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Effectively Measuring Your FP&A Efforts

  • By Rachele Collins
  • Published: 9/16/2019

APQC and AFP recently engaged in a collaborative research project to understand leading practices for FP&A. Two-thirds of survey participants reported that their FP&A team’s contribution is at best moderately effective in contributing to the organization’s strategic goals. But how should FP&A organizations measure their effectiveness, and what does an effective measurement system look like for an FP&A team or department?


In the study we asked participants how they measure FP&A effectiveness, and found that nearly one-third of survey participants do not measure FP&A effectiveness at all. The frequency percentages for the remaining survey participants (who do measure FP&A effectiveness) is shown below, with the top measures being forecast (68 percent) and budget accuracy (59 percent).



Figure 1



A conversation about measures for FP&A is important because, from a macro standpoint, measures are proxies for what the leadership team is saying that the organization values. From a micro standpoint, measures then drive the daily behavior of individuals. Therefore, an organization should carefully design its measurement system. APQC has been engaged in benchmarking and process improvement for more than 40 years, and recommends FP&A teams consider the following tenets when determining how to best measure their FP&A teams:

  • Alignment: In order to ensure a strategic approach to measurement, APQC recommends that organizations trace the “value path,” or line of sight, between what the organization is measuring, and its ultimate objectives. For example, leaders of FP&A teams should engage in discussions as to what the desired outcomes of the group are, whether that be better inputs and analytics for decision-making, increased revenues, serving as a better business partner to key internal stakeholders, etc. And then FP&A team leaders should ideally be able to trace the measures of the department, and of the individuals who work in the department, back to desired outcomes in order to ensure an aligned system of performance. As illustrated in Figure 1, for example, something to consider is that, while more than half of organizations measure forecast and budget accuracy, few organizations are evaluating FP&A effectiveness based on business results-type measures like cost savings or ROI proxies.
  • Balanced and Key: APQC advises organizations to measure and monitor a balanced set of measures (for example, financial, customer, internal/process, learning and growth), and not to overly focus on any one category to the detriment of others. For example, in Figure 1, stakeholder satisfaction could be argued to be just as important as other measures of FP&A, and yet less than half of survey participants say they are measuring this. And don’t forget the importance of measuring employee satisfaction, as well as measures of learning and growth (like training and development), as other important measures for the FP&A team. Also, measures of performance should ideally focus on the critical few; too many and it easily gets overwhelming and dilutes focus and performance. And finally, FP&A organizations should think about a balance of numeric and more qualitative measures. For example, in addition to some of the more quantitative measures listed in Figure 1, FP&A teams might consider documenting and communicating success stories, such as examples of stellar business partnership or decision-making support, from the group.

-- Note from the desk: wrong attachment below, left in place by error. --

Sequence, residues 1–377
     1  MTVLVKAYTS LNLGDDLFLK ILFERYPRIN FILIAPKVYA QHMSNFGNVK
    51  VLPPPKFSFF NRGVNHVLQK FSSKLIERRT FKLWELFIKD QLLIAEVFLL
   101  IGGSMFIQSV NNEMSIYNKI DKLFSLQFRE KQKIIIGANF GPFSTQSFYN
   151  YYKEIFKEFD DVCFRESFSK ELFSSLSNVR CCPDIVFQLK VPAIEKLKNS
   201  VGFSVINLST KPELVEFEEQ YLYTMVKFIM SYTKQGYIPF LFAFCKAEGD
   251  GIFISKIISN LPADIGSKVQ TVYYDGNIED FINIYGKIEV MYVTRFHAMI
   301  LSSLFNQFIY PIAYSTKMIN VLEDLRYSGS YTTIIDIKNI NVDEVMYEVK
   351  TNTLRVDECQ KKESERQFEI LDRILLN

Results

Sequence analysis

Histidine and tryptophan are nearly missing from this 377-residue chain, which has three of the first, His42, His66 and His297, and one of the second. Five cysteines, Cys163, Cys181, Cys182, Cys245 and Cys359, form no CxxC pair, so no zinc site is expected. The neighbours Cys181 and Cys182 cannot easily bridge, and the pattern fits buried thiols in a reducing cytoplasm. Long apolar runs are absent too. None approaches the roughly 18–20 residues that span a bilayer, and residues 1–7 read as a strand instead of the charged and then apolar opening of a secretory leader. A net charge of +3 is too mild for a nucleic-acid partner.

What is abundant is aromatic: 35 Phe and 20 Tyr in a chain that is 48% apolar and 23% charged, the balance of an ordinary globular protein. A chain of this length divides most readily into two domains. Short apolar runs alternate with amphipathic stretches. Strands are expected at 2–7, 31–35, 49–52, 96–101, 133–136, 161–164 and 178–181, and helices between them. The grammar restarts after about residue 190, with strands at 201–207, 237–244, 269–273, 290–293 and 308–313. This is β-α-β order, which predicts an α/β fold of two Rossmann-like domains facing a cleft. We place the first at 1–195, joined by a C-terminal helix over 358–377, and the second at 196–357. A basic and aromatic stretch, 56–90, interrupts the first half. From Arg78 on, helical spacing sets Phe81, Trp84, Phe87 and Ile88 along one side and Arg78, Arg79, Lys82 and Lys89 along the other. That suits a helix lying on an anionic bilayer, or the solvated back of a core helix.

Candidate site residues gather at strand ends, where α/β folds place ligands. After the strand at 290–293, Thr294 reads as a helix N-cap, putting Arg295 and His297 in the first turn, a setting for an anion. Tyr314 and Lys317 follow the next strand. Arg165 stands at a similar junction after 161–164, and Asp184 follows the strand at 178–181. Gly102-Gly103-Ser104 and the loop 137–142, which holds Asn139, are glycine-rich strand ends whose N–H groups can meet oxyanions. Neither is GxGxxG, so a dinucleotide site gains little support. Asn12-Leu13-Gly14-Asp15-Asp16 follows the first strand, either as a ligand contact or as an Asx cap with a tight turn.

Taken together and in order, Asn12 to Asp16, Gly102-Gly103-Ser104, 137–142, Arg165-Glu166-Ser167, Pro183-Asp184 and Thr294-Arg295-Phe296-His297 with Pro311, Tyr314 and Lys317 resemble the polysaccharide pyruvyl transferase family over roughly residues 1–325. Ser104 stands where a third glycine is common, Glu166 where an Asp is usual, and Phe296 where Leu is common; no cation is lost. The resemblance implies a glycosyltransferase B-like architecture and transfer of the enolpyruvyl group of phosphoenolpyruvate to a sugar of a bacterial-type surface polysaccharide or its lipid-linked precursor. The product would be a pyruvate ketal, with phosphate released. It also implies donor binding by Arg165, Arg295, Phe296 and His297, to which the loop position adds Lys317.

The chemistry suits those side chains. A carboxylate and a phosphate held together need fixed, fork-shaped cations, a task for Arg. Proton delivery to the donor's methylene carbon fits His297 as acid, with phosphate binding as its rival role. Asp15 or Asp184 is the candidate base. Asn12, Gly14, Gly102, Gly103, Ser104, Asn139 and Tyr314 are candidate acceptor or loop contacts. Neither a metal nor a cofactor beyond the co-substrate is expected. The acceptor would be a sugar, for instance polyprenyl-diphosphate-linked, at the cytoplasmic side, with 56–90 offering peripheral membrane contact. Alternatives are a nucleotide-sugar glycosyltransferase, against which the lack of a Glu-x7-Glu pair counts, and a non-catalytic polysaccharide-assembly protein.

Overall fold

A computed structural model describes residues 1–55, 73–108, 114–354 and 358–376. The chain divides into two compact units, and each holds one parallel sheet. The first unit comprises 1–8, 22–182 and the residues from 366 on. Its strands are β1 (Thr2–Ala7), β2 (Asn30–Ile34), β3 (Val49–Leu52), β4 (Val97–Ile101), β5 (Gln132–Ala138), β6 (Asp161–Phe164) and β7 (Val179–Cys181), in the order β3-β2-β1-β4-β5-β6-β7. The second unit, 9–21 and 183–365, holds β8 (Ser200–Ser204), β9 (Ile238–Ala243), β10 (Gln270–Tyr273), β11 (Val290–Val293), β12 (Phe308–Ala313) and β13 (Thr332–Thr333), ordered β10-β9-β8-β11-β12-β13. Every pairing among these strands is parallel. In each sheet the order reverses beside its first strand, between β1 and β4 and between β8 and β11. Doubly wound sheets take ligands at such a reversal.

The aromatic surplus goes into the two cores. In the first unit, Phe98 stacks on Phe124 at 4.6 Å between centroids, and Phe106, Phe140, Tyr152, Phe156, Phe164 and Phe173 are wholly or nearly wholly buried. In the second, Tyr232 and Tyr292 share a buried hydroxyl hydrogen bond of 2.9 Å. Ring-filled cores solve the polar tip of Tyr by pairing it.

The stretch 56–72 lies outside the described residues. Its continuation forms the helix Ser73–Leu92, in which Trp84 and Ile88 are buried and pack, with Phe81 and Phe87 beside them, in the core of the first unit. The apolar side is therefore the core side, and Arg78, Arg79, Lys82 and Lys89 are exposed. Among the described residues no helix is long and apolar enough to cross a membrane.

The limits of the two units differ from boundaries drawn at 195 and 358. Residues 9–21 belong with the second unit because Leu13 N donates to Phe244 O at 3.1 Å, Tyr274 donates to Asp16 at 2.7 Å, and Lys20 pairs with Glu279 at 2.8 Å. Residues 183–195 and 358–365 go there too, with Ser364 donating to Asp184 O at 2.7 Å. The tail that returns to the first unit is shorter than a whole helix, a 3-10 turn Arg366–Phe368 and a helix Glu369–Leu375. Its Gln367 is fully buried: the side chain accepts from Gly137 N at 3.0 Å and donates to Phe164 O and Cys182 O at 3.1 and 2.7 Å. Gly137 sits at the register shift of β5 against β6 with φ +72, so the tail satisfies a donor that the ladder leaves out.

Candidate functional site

• Input and Control: It is also important to solicit the input by leaders of FP&A team members in terms of what the group should be measuring. People buy into what they help create, and ideally the measures (particularly if they relate back to any kind of performance conversations) should be within the scope of the FP&A team’s control. For example, as shown in Figure 1, forecast accuracy is often used to describe and measure FP&A teams. But forecasts are in essence predictions of future results, and subject to many forces affecting the forecast, some of which are within the organization’s control, and some that are not.
  • Periodic Review: And finally, the FP&A team should review the measurement system periodically to ensure that it is driving the right behaviors. For example, back to the most frequent measure in Figure 1 of forecast accuracy: In some cases, this might encourage organizations to be overly conservative versus realistic in their forecasts. Is that driving the right behaviors in the FP&A team? If not, then a discussion and realignment may need to occur.

Interested in participating in an engaging discussion about how to measure your FP&A effectiveness? Join us at AFP 2019 in Boston on October 21 for an interactive panel entitled “Measuring the Success of your FP&A Team.” We’ll discuss what effectiveness means for FP&A, why FP&A as a profession hasn’t been more effective, and how organizations are measuring their effectiveness. We hope to see you there.

Rachele Collins is Principal Research Lead, Financial Management for APQC.

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